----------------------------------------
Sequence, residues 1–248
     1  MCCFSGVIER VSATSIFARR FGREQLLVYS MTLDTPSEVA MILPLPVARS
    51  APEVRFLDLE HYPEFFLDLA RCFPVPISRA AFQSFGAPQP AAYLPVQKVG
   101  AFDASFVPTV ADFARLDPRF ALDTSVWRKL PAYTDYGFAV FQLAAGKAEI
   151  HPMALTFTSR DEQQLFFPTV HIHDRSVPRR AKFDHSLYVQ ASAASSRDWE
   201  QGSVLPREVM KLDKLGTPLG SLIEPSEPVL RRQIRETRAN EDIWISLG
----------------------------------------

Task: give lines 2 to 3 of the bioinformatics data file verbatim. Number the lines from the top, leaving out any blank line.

     1  MCCFSGVIER VSATSIFARR FGREQLLVYS MTLDTPSEVA MILPLPVARS
    51  APEVRFLDLE HYPEFFLDLA RCFPVPISRA AFQSFGAPQP AAYLPVQKVG